Tuesday, December 31, 2013

Different Kinds of Pictures

In our last class, one of our group members said, "This writing paints a picture.  Lots of writers paint pictures, but there are different kinds of pictures."

Voila! I've never heard it said so clearly before!  Yes!

The best writing will make us feel like we're there, in the moment.  The details will be real.  Like it or not, we experience life through our senses, and to make us feel like we're there, you will need to use sensory detail.  I want to know which one, what kind, how many.  I want to know how, where, when, and why.  I want to taste, feel, hear, see, and smell the moment.

But the keys to detail don't make up the subject of the story any more than the type of paint determines the subject of the painting.

There are different kinds of pictures.  What kinds? Well, I suspect that these kinds follow the intelligences put forth by Howard Gardner.  Unlike Gardner, I don't see the intelligences as a tool for teaching, but I do see them as a tool for understanding how we understand.

These pictures might appeal to--or more accurately, help you organize information by--any of the following (alone or in combination):
  • your sense of beauty, ugliness, or placement (visual/spatial intelligence)
  • your sense of rhythm, tone, or sound (musical intelligence)
  • your sense of relationships (interpersonal intelligence)
  • your sense of self (intrapersonal intelligence)
  • your sense of movement/body capabilities (kinesthetic intelligence)
  • your sense of words/connections (linguistic intelligence)
  • your sense of analysis/logic (mathematical/logical intelligence)
  • your sense of belonging/groupings (naturalist intelligence)
While it's easy to list what they are, and I can tell you how to employ them, it's sometimes harder to know what they are and which one you need. So we're going to go through samples of what these pictures look like, why you use them, and how to use them.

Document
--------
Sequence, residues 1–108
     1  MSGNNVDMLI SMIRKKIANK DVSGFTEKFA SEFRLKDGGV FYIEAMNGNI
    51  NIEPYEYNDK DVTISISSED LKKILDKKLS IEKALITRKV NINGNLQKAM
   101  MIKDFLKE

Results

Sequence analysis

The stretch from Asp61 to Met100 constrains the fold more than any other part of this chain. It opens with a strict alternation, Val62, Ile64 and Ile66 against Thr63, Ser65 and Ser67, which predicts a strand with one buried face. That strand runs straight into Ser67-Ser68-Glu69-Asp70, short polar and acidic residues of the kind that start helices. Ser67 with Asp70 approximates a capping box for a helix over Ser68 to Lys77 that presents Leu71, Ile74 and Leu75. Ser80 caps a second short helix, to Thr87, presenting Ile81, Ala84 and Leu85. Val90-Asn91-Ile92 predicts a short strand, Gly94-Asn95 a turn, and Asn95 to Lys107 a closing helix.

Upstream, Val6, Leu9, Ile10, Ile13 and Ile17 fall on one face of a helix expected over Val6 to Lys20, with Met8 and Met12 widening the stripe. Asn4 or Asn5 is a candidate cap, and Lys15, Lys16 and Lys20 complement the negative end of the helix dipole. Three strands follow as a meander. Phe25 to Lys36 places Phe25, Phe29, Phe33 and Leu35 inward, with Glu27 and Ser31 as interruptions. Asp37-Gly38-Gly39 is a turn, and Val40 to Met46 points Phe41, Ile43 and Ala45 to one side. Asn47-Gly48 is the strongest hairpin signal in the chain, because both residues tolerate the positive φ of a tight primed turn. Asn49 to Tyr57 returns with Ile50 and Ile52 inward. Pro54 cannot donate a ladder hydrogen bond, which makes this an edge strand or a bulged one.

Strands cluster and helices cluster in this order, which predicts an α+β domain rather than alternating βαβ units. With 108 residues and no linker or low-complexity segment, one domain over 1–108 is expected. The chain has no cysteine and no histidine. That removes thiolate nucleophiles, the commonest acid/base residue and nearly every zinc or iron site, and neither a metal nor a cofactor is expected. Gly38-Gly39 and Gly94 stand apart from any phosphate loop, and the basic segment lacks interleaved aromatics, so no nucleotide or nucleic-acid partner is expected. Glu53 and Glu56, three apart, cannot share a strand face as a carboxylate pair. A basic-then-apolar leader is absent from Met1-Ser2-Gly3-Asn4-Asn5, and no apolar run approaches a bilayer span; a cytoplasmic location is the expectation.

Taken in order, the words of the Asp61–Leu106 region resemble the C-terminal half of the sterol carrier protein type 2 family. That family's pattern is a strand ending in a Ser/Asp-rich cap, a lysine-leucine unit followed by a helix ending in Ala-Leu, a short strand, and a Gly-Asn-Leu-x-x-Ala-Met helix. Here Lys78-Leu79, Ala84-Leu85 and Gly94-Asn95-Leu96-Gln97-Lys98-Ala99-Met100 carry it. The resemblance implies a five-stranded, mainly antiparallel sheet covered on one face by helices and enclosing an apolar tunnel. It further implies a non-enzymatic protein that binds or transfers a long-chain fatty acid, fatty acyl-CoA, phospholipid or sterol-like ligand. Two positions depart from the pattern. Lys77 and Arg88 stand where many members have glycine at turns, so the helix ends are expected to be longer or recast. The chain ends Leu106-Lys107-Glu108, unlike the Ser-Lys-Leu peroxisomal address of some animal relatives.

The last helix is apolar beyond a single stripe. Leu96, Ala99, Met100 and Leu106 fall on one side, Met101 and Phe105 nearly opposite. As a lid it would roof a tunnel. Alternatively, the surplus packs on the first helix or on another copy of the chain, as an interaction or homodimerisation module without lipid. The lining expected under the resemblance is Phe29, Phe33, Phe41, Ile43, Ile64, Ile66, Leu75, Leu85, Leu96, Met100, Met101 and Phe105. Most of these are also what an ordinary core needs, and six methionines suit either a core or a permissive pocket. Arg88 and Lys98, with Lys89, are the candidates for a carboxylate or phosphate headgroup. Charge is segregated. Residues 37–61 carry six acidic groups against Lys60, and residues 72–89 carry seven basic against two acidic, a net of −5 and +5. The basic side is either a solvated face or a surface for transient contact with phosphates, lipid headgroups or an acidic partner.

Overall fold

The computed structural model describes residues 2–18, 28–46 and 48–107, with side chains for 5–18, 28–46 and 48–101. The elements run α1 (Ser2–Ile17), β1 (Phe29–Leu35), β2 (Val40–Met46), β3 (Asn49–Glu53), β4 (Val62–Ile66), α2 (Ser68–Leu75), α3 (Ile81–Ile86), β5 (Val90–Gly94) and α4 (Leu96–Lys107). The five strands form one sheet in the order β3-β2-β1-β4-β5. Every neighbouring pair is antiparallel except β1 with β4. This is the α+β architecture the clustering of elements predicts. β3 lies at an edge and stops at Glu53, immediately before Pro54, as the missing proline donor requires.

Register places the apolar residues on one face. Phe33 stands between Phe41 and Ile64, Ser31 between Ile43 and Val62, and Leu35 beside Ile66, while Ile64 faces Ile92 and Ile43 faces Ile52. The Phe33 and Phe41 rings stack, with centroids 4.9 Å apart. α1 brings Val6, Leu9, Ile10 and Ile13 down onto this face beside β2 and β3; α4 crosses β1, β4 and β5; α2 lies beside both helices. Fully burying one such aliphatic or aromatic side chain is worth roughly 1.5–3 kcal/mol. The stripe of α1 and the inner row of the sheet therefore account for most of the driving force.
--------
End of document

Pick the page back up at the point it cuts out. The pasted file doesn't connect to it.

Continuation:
The other issue that makes employing them harder is that, no matter which intelligence you choose to employ, you need to employ it in ways that are observable and measurable.  In other words, you need to be able to sense it, which means that no matter what type of picture you paint, you will use words for hearing, seeing, smelling, tasting, and feeling.

The difference between using these sensory words to paint a picture of an intelligence that relates to your story and painting a generic picture is the difference between a book that has you right there in the moment and one that has lost you in description.  It's not usually the amount of description that loses a reader but the relevance of the description to the story that loses him or her.  We will be exploring these ideas in depth over the next month or so.

Prompt:
Write about a recent moment that meant something to you.  As you write, think about why the moment meant something (look at the intelligences above if you need to).  Thinking about that why, use your senses to describe the action in that moment.  The action could be what people do and say, or it could be your own thoughts.  In this case, action is merely a change in the process of occurring.


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